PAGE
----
Fostering & Adoption
There are around 850 children in care in Suffolk. Many would have come from chaotic, traumatic, abusive and neglectful circumstances. Some children may stay with family or friends but others will need a temporary home (Fostering) while assessments and decisions are made. Children may return to their birth families or family members. However when this is reunification is not possible children then need a new forever home (Adoption).
Adoption is an opportunity to give a child, who may well have had an unsettled and traumatic start to life, a loving family to belong to for the rest of their lives. Along the way there will be many challenges, but there will also be much joy. Adoption is the legal process through which a child becomes a full, permanent member of a new family. The adoptive parents become the child’s legal parents, with the same rights and responsibilities as for a birth child.
Fostering usually means offering a temporary home to children placed by social services, until they either return to the family home or move on to live with a relative, are adopted, or placed in a permanent foster placement.
Suffolk’s Current Need
Fostering – There are a range of children who need fostering. We are currently seeking families for:
- Sibling groups
- Children with complex needs
- Parent and child placements
- Unaccompanied asylum seeking children
- Children aged 5 to 10 years old
- Children aged 0 to 5 years old
Who can foster or adopt?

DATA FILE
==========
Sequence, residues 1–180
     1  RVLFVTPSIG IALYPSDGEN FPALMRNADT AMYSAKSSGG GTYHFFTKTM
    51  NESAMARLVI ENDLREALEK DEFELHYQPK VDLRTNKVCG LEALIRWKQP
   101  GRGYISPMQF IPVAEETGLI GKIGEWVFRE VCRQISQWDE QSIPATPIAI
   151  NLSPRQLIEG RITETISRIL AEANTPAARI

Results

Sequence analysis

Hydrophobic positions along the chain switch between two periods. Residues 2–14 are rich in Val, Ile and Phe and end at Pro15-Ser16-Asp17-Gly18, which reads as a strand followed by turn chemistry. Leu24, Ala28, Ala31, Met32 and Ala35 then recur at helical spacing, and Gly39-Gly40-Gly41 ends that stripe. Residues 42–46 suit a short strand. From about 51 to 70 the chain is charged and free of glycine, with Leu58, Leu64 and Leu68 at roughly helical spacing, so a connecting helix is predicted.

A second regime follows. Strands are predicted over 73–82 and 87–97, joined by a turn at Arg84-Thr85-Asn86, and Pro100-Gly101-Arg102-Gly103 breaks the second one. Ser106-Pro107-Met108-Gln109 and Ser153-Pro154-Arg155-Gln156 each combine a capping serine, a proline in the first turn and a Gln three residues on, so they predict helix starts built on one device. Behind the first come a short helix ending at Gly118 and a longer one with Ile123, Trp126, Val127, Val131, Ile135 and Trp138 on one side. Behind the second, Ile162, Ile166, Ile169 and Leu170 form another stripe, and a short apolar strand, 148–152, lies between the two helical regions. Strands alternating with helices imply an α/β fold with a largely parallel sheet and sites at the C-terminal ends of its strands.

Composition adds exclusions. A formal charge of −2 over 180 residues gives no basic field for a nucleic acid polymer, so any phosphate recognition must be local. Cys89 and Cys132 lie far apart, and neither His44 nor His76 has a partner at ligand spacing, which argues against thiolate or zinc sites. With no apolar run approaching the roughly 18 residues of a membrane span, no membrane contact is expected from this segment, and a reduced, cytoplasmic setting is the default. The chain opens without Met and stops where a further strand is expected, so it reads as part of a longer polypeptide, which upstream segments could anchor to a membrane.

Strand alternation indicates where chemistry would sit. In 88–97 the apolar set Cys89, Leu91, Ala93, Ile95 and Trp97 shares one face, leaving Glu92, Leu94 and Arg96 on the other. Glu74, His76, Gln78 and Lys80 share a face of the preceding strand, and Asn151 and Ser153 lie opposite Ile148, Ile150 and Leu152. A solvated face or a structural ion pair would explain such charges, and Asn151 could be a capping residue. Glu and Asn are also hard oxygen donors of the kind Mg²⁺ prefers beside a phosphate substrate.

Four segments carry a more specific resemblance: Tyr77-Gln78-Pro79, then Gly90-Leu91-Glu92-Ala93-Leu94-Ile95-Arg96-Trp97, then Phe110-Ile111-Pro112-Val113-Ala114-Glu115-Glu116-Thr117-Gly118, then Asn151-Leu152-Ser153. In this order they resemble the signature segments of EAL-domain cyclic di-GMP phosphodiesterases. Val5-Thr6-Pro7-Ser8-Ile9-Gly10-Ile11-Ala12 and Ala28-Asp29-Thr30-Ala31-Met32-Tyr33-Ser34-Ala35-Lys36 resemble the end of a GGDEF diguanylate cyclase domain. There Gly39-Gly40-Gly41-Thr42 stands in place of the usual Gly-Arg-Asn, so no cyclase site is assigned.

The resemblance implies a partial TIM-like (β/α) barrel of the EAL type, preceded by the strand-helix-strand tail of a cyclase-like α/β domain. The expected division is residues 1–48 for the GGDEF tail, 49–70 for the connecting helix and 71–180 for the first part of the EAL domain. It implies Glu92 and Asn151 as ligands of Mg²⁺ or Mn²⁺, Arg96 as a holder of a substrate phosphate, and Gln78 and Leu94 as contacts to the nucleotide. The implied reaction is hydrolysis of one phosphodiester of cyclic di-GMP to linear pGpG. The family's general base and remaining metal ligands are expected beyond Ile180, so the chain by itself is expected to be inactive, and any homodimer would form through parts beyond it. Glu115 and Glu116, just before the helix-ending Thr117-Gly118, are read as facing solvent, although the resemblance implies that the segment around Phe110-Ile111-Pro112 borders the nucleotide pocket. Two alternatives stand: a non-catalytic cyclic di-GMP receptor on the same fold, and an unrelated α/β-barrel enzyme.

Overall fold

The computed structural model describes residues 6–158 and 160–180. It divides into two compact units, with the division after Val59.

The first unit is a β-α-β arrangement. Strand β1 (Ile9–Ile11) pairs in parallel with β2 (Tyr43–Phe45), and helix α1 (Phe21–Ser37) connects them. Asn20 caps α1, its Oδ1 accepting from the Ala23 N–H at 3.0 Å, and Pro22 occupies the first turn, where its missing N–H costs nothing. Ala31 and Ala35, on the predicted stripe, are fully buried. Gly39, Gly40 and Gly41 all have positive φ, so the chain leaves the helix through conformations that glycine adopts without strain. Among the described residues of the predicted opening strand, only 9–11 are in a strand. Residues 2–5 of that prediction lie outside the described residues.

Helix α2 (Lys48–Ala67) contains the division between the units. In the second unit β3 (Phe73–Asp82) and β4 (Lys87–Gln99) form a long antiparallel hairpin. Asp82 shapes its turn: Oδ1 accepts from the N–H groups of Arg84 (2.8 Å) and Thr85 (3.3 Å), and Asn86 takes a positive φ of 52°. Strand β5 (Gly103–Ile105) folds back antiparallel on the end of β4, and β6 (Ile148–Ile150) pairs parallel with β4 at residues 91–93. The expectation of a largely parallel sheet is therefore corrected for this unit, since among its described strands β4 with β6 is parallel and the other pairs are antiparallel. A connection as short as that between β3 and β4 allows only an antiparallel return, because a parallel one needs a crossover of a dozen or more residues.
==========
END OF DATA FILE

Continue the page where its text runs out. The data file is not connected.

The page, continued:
- You need to be aged 21 or over. There is no upper age limit, as long as you’re healthy enough and are expected to have the energy needed throughout their childhood.
- You can be single or married
- You can be heterosexual, lesbian, gay, bisexual or transgender
- You can have a faiths or no faith
- You don’t have to own your own house.
- You can be in receipt of benefits
What is important is your ability to provide a loving home to a child and give them the time and commitment they need.
There are several different types of foster care:
Emergency Foster Care Provides a placement for a child who needs somewhere safe to stay for a few nights.
Short-term Foster Care Provides a placement where a carer looks after a child for a few weeks or months while long term placement plans are made for the child.
Short-break Foster Care Provides pre-planned, regular placements for children who have disabilities, special needs or behavioural difficulties. It gives their parents or usual foster carers time to have a short break.
Respite Foster Care Provides a placement for a looked after child for a pre-planned short stay. This is part of the support service for foster carers and them the chance to have a short break. A fostering service must provide foster carers with respite. It will be clearly outlined in their policies.
Remand Foster Care Provides a placement for young people in England and Wales who are remanded by the court into care of a specially trained foster carer.
Parent and Baby Foster Care Provides a home and support for a new mother and her baby, to help the mother care for her baby in the long term. The mothers are typically very young.
Long-term and Permanent Foster Care Provides a long-term placement for looked after children. Not all children who cannot return to their birth families are adopted and some continue to have regular contact with their birth families. These children and young adults need a secure long term home until they reach adulthood.
Fostering an unaccompanied asylum-seeking child (UASC) Is where a non-British child has arrived alone into the country and claimed asylum, and is cared for by foster carers in the UK. Unless the child can be returned safely to their country of origin they will be allowed to stay in the UK until they are at least 18.
Kinship Fostering Provides a placement in which children who are looked after by their local authority are cared for by people they already know.
Special Guardianship Is a formal court ordered placement that allows parental responsibility to a grandparent, close relative or family friend.